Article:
Proposition 57 is Gov.
The measure comes in two parts, and one of them is easy. It makes accused lawbreakers under 18 subject to the state's juvenile court system. Any prosecutor who wants a case transferred to adult court would have to make an argument to a judge, who would have the final say on where the accused would be tried.
That's the sensible way the law worked in California for decades until 2000, when voters passed Proposition 21 and upset the essential balance of the justice system by allowing prosecutors, rather than judges, to choose between juvenile and adult court.
Why did voters do it? Although youth crime was dropping, politicians got a lot of mileage out of the argument that huge numbers of children and teenagers had morphed into uncontrollable predators who could be dealt with only by trying them and punishing them as if they were fully formed adults. It was a message built on fear and dipped in racism — because a disproportionate number of the people affected by it were nonwhite — and the subtext was that judges were too softhearted or softheaded to see how just vicious young offenders had become.
Gov. Pete Wilson wrote the measure and won enthusiastic support from prosecutors. Today, however, many district attorneys acknowledge that the 2000 juvenile justice measure was overkill and ought to be rolled back. Some say they'd have no problem with Proposition 57 if it didn't also change some aspects of adult punishment.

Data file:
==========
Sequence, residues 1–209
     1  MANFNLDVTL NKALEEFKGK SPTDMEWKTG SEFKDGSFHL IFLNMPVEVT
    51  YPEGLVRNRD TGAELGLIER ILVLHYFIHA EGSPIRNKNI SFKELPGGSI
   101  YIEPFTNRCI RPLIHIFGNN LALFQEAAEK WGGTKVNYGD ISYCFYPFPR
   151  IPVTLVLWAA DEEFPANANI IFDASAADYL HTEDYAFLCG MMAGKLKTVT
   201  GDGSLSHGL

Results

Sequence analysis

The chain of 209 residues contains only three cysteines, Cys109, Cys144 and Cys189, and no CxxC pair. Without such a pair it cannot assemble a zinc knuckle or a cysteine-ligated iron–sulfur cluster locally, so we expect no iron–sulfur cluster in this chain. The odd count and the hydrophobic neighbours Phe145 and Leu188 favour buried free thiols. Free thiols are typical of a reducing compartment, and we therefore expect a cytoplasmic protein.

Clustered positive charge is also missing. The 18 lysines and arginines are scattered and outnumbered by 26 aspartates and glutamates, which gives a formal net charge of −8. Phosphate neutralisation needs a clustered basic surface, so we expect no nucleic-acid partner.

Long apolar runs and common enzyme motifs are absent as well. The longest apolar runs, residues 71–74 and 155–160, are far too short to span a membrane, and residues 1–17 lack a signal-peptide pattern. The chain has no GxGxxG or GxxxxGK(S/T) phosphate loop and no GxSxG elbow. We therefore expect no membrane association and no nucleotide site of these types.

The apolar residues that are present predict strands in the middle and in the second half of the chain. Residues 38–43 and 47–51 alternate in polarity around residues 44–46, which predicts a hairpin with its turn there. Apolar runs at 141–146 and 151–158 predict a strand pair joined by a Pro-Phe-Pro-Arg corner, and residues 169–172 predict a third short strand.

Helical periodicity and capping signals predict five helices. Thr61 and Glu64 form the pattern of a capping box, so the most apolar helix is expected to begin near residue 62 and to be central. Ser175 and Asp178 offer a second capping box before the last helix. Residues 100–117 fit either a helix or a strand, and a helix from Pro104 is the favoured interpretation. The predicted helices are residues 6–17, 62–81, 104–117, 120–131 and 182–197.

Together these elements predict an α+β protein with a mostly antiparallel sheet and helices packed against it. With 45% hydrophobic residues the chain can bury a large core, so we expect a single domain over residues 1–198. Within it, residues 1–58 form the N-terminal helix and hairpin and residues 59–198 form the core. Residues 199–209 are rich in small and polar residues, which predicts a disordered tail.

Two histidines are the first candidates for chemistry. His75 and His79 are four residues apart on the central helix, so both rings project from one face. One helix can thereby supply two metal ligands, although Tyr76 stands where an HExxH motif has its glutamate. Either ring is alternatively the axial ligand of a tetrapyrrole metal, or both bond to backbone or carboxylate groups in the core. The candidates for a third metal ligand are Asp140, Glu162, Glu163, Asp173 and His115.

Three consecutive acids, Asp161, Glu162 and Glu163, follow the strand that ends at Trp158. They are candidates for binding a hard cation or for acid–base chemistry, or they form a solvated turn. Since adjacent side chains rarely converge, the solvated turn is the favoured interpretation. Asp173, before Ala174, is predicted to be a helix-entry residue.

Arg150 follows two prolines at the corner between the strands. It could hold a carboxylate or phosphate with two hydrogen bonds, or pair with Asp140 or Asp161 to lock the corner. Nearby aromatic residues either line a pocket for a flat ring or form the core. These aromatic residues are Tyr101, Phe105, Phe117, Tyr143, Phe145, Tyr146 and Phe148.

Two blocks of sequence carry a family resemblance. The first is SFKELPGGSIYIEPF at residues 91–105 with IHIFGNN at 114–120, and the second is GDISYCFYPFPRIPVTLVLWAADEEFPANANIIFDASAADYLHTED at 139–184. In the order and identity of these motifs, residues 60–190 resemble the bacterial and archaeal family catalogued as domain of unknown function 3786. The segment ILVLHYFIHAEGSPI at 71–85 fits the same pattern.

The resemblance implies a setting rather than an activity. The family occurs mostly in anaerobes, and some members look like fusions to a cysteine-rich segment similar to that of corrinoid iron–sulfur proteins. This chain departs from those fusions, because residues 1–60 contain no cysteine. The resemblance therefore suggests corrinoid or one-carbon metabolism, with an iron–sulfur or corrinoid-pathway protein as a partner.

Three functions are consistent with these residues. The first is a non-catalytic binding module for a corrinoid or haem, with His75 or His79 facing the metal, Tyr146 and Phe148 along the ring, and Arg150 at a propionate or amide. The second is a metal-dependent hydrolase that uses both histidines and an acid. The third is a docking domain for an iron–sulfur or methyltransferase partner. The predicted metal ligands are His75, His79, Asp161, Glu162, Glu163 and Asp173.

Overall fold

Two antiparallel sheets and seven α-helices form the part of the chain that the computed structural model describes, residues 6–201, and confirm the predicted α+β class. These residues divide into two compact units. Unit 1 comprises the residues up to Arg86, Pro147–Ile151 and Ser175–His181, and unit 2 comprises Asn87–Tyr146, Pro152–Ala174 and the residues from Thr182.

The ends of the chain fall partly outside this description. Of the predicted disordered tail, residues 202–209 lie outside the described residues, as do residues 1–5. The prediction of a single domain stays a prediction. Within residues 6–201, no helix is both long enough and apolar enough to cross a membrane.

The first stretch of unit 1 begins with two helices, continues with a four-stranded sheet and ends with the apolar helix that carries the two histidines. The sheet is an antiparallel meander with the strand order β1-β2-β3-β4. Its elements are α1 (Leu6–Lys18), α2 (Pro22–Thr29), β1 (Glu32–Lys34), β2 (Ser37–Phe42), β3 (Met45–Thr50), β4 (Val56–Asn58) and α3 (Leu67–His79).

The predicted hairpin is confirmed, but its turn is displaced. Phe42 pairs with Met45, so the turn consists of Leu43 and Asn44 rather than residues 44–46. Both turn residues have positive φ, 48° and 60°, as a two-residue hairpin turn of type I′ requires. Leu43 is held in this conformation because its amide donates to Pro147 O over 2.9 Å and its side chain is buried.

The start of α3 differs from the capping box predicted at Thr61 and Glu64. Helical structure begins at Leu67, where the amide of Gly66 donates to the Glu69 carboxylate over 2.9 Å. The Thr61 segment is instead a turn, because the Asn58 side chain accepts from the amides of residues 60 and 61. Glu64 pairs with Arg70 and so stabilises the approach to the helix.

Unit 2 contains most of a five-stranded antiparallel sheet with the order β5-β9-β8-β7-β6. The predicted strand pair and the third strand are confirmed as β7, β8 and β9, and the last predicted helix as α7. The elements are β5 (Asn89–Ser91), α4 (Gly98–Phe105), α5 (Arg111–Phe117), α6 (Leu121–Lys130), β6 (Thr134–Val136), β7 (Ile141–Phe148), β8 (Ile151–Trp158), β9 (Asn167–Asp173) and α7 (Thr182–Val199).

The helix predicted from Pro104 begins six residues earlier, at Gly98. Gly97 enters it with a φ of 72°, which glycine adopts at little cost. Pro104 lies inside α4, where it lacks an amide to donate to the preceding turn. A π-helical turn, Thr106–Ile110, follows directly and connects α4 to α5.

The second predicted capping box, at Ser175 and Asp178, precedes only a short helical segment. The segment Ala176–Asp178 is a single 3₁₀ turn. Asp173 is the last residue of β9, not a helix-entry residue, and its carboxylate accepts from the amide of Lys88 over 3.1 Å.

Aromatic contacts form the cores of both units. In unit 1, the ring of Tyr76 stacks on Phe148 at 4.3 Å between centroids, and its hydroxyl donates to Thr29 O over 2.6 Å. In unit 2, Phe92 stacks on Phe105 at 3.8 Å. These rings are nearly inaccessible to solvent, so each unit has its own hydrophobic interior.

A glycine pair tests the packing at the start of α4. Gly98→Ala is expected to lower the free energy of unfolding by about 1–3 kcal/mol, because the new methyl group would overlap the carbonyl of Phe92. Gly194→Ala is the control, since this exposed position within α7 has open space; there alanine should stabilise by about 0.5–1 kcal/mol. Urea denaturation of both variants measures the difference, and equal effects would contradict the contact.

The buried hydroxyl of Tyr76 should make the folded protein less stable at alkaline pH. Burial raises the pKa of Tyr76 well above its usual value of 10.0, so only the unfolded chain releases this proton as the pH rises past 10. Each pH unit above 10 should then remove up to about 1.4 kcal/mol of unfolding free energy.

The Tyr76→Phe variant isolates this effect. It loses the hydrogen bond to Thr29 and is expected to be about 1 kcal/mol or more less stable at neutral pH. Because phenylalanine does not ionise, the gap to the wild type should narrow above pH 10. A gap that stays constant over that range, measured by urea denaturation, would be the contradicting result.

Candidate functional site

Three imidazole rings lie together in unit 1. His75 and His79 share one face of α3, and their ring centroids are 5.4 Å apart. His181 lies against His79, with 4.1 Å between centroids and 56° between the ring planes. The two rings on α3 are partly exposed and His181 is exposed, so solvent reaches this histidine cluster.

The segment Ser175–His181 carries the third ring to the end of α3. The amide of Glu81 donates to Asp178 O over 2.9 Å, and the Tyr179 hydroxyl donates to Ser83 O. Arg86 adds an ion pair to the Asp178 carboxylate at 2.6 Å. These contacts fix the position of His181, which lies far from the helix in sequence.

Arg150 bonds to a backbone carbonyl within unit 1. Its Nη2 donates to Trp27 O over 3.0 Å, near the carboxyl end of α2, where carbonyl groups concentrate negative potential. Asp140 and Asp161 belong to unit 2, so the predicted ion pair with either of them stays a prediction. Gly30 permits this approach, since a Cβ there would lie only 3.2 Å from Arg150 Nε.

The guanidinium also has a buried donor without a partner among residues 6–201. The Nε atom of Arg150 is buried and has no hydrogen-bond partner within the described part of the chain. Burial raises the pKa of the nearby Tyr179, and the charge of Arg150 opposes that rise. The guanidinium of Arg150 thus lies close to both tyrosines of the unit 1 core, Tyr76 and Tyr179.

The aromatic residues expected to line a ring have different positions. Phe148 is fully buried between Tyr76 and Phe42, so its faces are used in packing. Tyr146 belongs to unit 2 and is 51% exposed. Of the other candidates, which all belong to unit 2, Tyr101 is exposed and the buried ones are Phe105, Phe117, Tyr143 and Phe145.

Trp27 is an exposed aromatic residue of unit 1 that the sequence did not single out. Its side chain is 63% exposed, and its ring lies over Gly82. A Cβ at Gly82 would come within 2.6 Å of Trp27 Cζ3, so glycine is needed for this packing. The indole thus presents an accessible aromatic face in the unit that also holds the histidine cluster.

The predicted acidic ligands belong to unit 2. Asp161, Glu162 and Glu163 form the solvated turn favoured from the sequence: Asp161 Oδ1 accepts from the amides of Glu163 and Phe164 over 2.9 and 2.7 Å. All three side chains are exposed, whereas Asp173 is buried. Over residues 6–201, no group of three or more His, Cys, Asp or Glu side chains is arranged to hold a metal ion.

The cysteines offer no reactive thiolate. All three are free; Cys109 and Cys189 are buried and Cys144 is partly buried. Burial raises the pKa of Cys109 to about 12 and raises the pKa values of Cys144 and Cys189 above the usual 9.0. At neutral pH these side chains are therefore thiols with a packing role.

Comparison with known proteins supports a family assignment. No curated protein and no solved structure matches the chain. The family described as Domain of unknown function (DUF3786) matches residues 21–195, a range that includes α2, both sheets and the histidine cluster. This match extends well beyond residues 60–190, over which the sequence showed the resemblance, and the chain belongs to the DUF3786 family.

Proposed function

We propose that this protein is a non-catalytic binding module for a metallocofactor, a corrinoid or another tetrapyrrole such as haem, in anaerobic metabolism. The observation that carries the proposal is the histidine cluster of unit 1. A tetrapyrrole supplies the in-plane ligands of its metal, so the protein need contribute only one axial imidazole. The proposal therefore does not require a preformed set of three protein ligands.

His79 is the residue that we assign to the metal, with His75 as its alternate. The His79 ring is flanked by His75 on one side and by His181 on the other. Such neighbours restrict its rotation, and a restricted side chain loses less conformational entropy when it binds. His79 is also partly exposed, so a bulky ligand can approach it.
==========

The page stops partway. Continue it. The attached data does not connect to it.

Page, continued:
That's the second, more complex part: Proposition 57 would make some prison inmates eligible to seek parole once they have served the base portion of their terms — but before they have served time for any of the add-ons that lawmakers, and sometimes voters, have used to "enhance" sentences for, say, having previous convictions or belonging to a gang.
Under Proposition 57, some inmates could apply for parole hearings and get parole after they have completed their base terms and have begun serving the enhancement portion of their sentences.
Opponents call this "early release," and they are technically correct — an inmate facing sentence enhancements who successfully goes through the parole process will be out earlier than one who does not.
But a little context is in order. Even today, most inmates get some form of early release automatically because the Legislature has adopted laws that allow or even require release on parole after only a portion of the sentence is served.
California law calls that kind of automatic release "parole," but it's really something quite different. Real parole is release from prison after a parole board finds that the inmate has behaved properly and has presented persuasive evidence of reform and rehabilitation. The process includes arguments from the prosecutor, opportunities for the board to hear from crime victims and their families, and an assessment of the risk that the inmate would pose to society if released. It requires final sign-off from the governor. For most inmates, that kind of real parole virtually disappeared from California in 1977, after Brown signed a law banning open-ended sentencing — something he now says he regrets..
In the last few years, real parole has made a modest comeback as the state seeks to comply with federal court orders to reduce its prison population. Parole boards have weighed and granted release of elderly inmates and "second-strike" prisoners. So far the results are good. Proposition 57 would expand this real parole process to many more inmates.
In addition to parole boards, prison officials would be able to grant inmates rehabilitation credits. This portion of the measure is controversial because it appears to apply to base terms as well as enhancements, but the thinking is sound. Inmates will have new incentives to change their behavior, both in prison and after release. For many inmates, prisons will cease to be merely warehouses and may at last become instruments of rehabilitation.